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ANALYSIS: New Zealand has a new boxing world champion after Mea Motu dug deep to claim a unanimous decision over Canada’s Tania Walters in Auckland on Thursday night.
In a back-and-forth battle over 10 gruelling rounds, Motu (16-0, 6 KOs) did just enough to get her hand raised and leave the raucous Eventfinda Arena with the IBO super bantamweight title wrapped proudly around her waist.
The historic main event capped off another hugely entertaining Fight For Life card, during which two of her Peach Boxing team-mates also earned contrasting stoppage victories.
Here are five questions to emerge from boxing’s big night on these shores.
1. What’s next for Motu after her world title triumph?
The world is Motu’s oyster after battling past the game Walters to capture the vacant IBO strap.
And Motu has made it clear she won’t stop there and wants to challenge for all the belts and unify the super banamweight division.
But she may have to wait for a chance to accomplish that goal as promoter Dean Lonergan is planning a voluntary defence of her newly-won belt first, targeted for July.
Lonergan, who guided Joseph Parker to the WBO heavyweight crown in 2016, clearly sees Motu as a bankable attraction after her coming-out party on Thursday night and said she is “on the way to becoming a superstar”.
Once that voluntary defence is out of the way, it will be a case of reaching out to champions in the WBA, WBC, WBO and IBF to try and negotiate a unification showdown.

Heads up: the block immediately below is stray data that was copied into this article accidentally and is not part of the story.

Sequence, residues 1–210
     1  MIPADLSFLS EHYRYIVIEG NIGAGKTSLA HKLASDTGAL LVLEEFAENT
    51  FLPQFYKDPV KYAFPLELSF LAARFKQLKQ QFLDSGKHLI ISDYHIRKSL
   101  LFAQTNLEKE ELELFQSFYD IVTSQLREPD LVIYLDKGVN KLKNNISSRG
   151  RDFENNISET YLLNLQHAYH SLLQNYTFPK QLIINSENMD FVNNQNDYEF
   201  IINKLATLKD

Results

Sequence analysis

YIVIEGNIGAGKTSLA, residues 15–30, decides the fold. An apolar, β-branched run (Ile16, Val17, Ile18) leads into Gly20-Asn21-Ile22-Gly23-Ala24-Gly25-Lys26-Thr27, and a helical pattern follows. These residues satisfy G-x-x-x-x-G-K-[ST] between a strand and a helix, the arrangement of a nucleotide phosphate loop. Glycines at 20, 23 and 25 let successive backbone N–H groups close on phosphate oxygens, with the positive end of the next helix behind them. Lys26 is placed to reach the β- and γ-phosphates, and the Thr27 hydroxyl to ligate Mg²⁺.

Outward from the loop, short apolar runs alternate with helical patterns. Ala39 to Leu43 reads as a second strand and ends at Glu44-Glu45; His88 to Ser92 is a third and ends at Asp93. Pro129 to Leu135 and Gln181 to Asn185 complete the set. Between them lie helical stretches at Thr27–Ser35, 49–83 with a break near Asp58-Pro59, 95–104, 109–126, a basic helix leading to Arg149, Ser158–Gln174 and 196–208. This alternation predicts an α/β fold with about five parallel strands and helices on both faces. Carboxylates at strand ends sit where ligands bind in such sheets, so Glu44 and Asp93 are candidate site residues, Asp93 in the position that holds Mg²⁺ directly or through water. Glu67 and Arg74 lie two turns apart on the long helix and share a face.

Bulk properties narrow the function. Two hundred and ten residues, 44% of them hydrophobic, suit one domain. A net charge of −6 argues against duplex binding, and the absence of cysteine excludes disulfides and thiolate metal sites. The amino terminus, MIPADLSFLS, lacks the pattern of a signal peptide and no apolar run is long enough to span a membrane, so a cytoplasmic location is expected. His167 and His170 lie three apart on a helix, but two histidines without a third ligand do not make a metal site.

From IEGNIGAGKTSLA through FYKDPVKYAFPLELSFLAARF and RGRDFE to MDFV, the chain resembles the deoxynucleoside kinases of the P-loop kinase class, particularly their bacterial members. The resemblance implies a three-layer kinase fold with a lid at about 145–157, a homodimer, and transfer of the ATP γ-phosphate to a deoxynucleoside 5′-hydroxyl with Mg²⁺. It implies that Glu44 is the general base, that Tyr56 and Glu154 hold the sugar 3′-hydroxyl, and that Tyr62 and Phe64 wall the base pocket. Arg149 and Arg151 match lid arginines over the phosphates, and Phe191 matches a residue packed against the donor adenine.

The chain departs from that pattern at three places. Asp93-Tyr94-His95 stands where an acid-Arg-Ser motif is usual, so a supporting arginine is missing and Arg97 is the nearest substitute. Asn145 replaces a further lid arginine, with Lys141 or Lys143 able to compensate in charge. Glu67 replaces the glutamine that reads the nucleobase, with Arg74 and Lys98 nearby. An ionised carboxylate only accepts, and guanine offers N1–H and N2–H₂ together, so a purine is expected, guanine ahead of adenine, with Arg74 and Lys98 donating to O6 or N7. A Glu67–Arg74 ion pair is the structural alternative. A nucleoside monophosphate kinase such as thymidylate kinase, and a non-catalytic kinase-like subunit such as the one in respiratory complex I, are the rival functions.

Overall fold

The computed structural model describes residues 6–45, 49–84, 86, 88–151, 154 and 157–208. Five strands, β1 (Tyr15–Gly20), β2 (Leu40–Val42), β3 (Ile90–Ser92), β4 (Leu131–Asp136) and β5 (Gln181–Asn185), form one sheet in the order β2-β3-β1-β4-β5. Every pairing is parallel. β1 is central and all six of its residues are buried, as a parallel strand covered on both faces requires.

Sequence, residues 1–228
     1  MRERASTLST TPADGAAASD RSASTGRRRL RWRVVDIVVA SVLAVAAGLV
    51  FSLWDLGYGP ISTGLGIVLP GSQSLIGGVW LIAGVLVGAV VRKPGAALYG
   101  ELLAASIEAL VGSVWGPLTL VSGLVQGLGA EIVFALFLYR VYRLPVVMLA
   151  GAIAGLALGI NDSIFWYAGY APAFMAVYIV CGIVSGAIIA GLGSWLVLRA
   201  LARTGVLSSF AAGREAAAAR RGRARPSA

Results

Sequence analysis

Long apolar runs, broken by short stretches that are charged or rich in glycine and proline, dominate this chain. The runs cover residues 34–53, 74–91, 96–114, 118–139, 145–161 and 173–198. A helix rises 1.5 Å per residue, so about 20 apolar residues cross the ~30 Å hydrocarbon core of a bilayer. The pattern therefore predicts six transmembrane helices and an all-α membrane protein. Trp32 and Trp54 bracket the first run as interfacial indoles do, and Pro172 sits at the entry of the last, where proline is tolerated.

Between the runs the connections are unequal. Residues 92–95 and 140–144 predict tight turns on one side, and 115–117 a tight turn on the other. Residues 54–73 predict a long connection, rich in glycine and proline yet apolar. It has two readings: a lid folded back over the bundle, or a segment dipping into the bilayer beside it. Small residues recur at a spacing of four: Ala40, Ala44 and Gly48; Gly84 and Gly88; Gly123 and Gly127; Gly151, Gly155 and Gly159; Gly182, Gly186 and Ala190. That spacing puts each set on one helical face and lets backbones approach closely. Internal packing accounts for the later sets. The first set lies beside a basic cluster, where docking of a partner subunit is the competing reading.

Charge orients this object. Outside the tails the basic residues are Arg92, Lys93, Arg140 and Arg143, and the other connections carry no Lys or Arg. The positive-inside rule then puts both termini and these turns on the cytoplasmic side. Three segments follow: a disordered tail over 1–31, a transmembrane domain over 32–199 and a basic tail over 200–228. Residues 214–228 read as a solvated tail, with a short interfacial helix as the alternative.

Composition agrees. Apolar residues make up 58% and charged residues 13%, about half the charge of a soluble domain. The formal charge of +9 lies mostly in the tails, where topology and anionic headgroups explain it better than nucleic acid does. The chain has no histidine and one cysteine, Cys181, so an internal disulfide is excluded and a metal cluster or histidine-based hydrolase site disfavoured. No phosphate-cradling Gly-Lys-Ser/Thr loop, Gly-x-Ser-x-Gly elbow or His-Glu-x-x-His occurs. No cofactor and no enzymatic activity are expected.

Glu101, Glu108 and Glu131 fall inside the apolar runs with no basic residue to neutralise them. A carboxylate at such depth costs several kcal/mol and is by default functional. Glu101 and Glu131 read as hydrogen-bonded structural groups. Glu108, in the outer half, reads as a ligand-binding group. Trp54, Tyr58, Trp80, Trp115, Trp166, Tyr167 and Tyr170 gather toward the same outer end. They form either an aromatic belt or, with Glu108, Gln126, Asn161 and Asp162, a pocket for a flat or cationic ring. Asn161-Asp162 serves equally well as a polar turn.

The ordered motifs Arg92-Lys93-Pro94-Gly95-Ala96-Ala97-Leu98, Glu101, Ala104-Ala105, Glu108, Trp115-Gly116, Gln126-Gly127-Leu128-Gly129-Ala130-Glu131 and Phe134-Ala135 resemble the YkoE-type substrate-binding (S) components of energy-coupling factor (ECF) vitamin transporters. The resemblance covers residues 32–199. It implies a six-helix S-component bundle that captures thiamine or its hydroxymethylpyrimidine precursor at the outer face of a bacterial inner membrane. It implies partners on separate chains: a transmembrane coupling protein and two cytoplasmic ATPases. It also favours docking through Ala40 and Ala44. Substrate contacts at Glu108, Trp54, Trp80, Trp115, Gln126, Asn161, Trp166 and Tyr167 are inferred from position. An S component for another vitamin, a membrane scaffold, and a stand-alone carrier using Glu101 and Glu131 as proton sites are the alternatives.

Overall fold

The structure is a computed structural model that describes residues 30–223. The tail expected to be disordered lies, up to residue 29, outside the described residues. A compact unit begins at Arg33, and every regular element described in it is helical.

The most marketable would be Tauranga-born Australian Cherneka ‘Sugar Neekz’ Johnson (15-1, 6 KOs), who currently holds the IBF trinket.
A battle between two women of Māori heritage would hold appeal on both sides of the ditch, though Johnson must first negotiate a tough-looking defence against England’s Ellie Scotney (6-0, KOs) in London in June.
2. Was the judges’ scoring fair?
Two of the judges had Motu a clear winner with New Zealanders Ian Scott (99-91) and Steve Scott (98-92) only awarding Walters one and two rounds respectively.
However, the third judge from Australia, Carl Zappia, had it much closer, giving Motu the nod by six rounds to four. That seemed a fairer reflection of a spirited encounter in which Motu threw more punches but was frequently befuddled by her clever opponent.
Walters used all her amateur experience to frustrate Motu and had plenty of success of her own throughout a keenly-fought contest, showing good head movement and accuracy with her punches.
She also managed to wobble Motu with a sneaky left hook in the closing stages of the ninth round and deserved more recognition for her work from the judges.
That said, she didn’t do enough to claim the spoils and Motu was the rightful winner for her relentless body attack and dazzling combinations.
3. Who stole the show at Fight For Life?
Former All Black Sam Tuitupou got the card off to an electric start when he blasted out NRL hardman Roy Asotasi seconds into their three-round contest with a vicious assault.